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CATL Kirin Battery
CATL Kirin Battery, image credit: CATL via CnEVPost

Batteries

CATL Kirin Battery Has 13% More Energy Density Than 4680 Cells

CATL unveils its 3rd generation cell-to-pack Kirin battery.

Sometimes it’s hard to remember the world is only 12 years into the EV revolution. Just like the heady days when computer chips were improving so rapidly that the computer you bought today was obsolete by the time you got it home, electric cars are improving so fast, we need a scorecard to keep up with the changes. According to reports, Tesla Model Ys being produced in Grünhdeide, Germany are using the new 4680 format battery cells. Yet recently at the China EV 100 forum, Wu Kai, chief scientist for CATL, said his company’s new Kirin battery packs 13% more power than a battery pack using 4680 cells, according to ChEVPost.

The CATL Kirin Battery

It’s not that the individual battery cells are more powerful, it’s that CATL’s third generation cell to pack technology squeezes more power into the same space occupied by a 4680 battery pack. The secret is in the packaging, not a new breakthrough in battery chemistry. Wu said the Kirin battery leads the industry in system weight, energy density, and volumetric energy density. “We have analyzed the range distribution of passenger cars in the last three years and found that consumers’ quest for long range is still a trend,” he added.

According to AutoEvolution, CATL and Tesla are having some friendly (we assume) competition. When Tesla announced recently it would have a 1.6 million kilometer battery, CATL announced it would have a 2 million kilometer battery.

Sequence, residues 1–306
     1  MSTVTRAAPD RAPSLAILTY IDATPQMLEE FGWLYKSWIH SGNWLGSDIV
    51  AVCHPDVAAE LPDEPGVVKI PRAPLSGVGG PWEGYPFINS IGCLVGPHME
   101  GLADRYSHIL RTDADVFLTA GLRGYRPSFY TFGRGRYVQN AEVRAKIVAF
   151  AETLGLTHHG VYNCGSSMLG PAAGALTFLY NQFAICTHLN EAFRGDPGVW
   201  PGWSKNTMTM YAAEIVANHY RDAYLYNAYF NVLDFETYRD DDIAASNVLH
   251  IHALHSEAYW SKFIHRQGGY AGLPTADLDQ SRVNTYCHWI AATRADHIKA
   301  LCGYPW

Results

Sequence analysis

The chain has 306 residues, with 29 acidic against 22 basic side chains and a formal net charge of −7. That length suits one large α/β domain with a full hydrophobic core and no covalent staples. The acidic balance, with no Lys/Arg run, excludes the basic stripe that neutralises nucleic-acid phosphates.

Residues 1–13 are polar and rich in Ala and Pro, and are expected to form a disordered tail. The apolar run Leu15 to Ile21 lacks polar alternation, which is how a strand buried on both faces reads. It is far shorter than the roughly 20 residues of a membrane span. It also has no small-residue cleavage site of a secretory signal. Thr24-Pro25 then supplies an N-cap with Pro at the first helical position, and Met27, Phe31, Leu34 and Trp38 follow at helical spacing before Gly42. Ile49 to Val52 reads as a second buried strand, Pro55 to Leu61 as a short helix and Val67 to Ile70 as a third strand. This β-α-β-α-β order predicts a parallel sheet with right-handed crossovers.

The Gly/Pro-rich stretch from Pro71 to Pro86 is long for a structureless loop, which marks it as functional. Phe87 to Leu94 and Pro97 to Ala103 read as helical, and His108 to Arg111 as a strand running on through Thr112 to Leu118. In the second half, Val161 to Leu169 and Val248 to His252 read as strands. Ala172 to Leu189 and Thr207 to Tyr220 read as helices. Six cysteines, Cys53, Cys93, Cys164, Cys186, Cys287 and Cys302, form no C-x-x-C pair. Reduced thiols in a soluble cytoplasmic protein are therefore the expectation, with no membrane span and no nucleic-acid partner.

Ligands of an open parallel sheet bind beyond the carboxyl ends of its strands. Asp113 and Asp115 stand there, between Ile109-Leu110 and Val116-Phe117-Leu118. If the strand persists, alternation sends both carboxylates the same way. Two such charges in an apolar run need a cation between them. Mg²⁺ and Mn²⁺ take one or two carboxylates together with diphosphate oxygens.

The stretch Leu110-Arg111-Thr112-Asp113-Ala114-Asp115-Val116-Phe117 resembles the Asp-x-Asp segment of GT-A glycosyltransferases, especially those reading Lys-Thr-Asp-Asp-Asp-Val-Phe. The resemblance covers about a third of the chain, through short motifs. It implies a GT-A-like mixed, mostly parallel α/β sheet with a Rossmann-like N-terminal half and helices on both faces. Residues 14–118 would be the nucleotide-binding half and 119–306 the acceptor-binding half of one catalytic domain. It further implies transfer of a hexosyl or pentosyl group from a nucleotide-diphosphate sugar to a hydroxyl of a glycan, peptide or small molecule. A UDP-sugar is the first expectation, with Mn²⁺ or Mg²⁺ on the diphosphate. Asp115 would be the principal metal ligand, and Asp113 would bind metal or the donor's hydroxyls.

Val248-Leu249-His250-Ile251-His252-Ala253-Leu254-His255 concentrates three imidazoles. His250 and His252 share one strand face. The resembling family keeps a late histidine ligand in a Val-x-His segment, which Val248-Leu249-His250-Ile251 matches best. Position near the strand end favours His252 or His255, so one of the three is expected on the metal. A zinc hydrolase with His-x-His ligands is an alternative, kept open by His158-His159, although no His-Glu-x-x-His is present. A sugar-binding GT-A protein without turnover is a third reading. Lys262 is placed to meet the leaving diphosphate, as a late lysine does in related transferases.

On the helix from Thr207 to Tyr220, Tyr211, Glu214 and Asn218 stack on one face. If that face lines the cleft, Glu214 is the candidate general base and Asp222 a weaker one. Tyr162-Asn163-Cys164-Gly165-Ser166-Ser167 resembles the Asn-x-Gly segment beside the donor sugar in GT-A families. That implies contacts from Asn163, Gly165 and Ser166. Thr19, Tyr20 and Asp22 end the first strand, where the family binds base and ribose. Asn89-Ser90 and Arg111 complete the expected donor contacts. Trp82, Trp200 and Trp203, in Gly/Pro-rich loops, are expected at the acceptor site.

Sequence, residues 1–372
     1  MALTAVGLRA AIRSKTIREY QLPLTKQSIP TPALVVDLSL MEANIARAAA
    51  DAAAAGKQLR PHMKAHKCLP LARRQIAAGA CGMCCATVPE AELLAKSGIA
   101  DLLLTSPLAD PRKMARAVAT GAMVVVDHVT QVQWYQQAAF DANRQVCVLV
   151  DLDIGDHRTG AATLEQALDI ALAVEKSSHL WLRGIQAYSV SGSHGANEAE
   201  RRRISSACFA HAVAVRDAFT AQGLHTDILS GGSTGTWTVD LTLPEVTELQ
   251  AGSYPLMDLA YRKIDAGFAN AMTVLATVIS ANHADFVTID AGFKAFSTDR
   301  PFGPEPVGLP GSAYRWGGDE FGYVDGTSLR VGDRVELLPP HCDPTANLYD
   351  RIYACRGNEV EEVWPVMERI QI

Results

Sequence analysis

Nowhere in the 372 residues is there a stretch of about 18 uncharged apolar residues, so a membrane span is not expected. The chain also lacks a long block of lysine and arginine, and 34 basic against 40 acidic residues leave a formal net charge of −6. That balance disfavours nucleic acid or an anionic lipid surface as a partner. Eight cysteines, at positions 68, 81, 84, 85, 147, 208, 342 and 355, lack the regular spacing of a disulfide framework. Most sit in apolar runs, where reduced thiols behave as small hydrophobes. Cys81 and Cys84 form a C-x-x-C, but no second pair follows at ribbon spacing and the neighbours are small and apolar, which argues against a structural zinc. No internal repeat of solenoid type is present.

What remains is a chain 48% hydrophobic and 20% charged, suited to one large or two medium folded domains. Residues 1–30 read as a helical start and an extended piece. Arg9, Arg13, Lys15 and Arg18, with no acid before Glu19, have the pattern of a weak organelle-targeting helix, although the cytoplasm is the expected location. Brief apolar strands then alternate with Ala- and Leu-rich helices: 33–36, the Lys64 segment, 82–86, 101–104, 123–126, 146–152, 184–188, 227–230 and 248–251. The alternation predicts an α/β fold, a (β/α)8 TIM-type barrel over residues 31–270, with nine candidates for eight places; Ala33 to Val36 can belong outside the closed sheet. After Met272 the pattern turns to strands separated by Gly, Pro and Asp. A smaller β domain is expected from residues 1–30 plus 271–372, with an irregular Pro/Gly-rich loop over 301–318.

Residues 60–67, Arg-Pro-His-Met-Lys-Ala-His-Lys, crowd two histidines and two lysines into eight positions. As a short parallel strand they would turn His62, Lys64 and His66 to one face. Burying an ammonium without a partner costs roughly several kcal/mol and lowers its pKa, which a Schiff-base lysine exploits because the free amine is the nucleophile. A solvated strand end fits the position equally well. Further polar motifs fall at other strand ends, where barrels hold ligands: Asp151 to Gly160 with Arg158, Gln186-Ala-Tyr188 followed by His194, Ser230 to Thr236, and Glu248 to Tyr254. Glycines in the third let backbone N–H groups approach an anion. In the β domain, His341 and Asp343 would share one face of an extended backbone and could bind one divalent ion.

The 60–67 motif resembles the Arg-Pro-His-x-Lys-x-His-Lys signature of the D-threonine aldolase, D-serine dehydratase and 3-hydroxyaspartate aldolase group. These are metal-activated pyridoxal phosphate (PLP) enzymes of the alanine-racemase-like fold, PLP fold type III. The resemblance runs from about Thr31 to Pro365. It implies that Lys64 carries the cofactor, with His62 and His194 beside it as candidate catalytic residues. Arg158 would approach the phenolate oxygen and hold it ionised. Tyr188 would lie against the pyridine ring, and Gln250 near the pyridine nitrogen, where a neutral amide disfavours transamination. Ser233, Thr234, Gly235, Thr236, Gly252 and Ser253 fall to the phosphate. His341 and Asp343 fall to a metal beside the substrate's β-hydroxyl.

Wu had another bit of news for the conference. He stated that the company is close to releasing new non-thermal diffusion technology it says prevents fires thanks to directional thermal conductivity properties. The battery packs using this technology will will have a range of 1,000 kilometers and are expected to be available in 2023.

The Takeaway

AuotEvolution claims Tesla Model Y customers in the US are cancelling their orders and re-ordering in hopes their cars will be built with the new 4680 battery cells. We expect that sort of silliness to become fairly common, as EV customers vie to have the latest and greatest technology available.

Which reminds us of something Elon used to tell people years ago when they asked when the best time to buy a Tesla was. “Today,” was his standard answer, explaining that Teslas are always adding new updates that are incorporated into the production process almost on a daily basis. “The best Tesla ever made is the one coming off the assembly line right now,” he said.

Maybe by 2030, the pace of technological change in the world or EVs will have slowed down a bit, but for the rest of this decade, the improvements will be coming thick and fast. We encourage readers not to wait. The best time to join the EV revolution is today. If you snooze, you will lose out on the joy of driving emissions free. Buy an electric car. Drive happy!

 
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Steve writes about the interface between technology and sustainability from his home in Florida or anywhere else the Singularity may lead him. You can follow him on Twitter but not on any social media platforms run by evil overlords like Facebook.

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